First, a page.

Yes ships can go from Europe to Cleveland, and they do, but they cannot go from multiple ports and drop off cargo like they do in European or Asian markets which is economical.
That’s why you’re wrong, you’re misidentifying the problem and saying the source is just demand, when the reality is law passed in 1920 does not match the reality of 21st century container commerce and efficient offloading practices.
The Covid supply chain issues were the first time this problem compounded into real economic issues and started conversations in congress that would traditionally stall because the big rail and truck corporations would kill it.
>>
>>1980815
Consider that new locks would be a publicly led and financed megaproject like the Big Dig and others (take your pick). They take years to complete and there is always a high cost to them for a variety of reasons. Railroads already own their real estate and nearly every ROW has room for two tracks (because years ago many mainlines were double tracked). Railroads can invoke eminent domain to get easements as well, although laws vary by state. So you've an enormous public works project akin to enlarging the Panama Canal, versus laying new tracks next on existing rail lines done by a private company without the usual public inefficiency.

And remember that most of the cargo on the GL is bulk cargo which is already served with existing infrastructure well. So what's being proposed is spending enormous amounts of money on enlarging locks in the hope that service will follow - no guarantees. It could very well end up like the Tenn-Tom Waterway that was built in the 70s... the amount of traffic planners thought would materialize was wildly optimistic and it's underutilized today. That's why it's not going to happen, it's too much money and too risky compared to the alternatives.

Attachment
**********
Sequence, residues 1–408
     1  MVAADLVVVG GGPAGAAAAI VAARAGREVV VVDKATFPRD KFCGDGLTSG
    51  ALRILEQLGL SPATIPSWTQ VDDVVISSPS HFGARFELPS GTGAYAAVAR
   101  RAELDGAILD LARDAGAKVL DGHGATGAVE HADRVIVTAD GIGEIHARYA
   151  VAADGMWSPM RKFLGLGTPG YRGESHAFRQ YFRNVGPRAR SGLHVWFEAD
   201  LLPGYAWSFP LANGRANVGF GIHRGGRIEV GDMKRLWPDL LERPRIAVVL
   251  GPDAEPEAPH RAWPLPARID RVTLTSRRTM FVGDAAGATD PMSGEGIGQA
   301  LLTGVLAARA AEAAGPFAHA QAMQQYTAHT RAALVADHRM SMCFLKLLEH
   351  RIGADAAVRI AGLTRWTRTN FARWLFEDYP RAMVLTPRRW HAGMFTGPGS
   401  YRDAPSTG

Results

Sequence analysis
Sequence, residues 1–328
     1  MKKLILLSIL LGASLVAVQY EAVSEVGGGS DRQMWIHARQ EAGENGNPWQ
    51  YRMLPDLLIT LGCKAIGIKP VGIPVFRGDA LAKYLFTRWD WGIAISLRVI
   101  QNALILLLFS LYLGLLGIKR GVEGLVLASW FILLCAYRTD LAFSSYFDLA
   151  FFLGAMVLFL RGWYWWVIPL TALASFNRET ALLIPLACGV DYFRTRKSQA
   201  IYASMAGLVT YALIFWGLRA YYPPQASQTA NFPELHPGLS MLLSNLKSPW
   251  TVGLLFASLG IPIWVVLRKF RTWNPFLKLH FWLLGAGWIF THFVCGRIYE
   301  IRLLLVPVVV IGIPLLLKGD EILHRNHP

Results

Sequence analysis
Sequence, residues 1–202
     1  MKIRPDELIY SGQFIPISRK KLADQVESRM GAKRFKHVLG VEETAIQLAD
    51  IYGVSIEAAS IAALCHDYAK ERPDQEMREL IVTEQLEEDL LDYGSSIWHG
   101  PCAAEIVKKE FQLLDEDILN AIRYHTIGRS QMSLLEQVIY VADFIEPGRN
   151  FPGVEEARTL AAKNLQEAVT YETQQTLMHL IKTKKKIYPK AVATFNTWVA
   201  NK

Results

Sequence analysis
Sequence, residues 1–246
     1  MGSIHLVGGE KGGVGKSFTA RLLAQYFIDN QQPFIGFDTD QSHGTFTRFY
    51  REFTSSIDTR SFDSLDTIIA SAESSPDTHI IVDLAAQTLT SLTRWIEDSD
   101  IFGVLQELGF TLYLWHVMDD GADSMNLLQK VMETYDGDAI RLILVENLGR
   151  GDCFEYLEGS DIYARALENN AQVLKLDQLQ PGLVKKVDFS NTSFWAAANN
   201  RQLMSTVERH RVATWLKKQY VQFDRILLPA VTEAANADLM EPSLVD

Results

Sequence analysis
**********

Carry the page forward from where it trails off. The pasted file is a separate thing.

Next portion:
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>>1980820
>but they cannot go from multiple ports and drop off cargo like they do in European or Asian markets which is economical.
First you bring up Cleveland to Europe container service and you're once again changing your argument, now to include domestic shipping. It's too scattershot, and my arguments have all avoided cabotage. I'm talking strictly about international container traffic.

If there was great demand for container service out of the Great Lakes to Europe, it would be evident by now. Shippers just don't want that as much as you do, and changing the Jones Act won't affect that (since it is not cabotage). Another issue that cannot be overcome with any amount of spending is winter weather on the Great Lakes. They are iced over for several months and the lakers will be laid up in port for that time. What shipper wants a service that isn't available for several months? Not many, as is the case today. Hauling containers on trucks and trains to ports on the coast is where the market is.
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>>1980833
>Isn't available for several months
The Saint Lawrence Seaway is closed from January 5 to March 22nd, not several months (https://www.glc.org/dailynews/20240214-seaway-opening). This is a lot like many Baltic ports, which still take container ships despite the ice pause.
Can you stop making disingenuous arguments and actually understand regional shipping economics?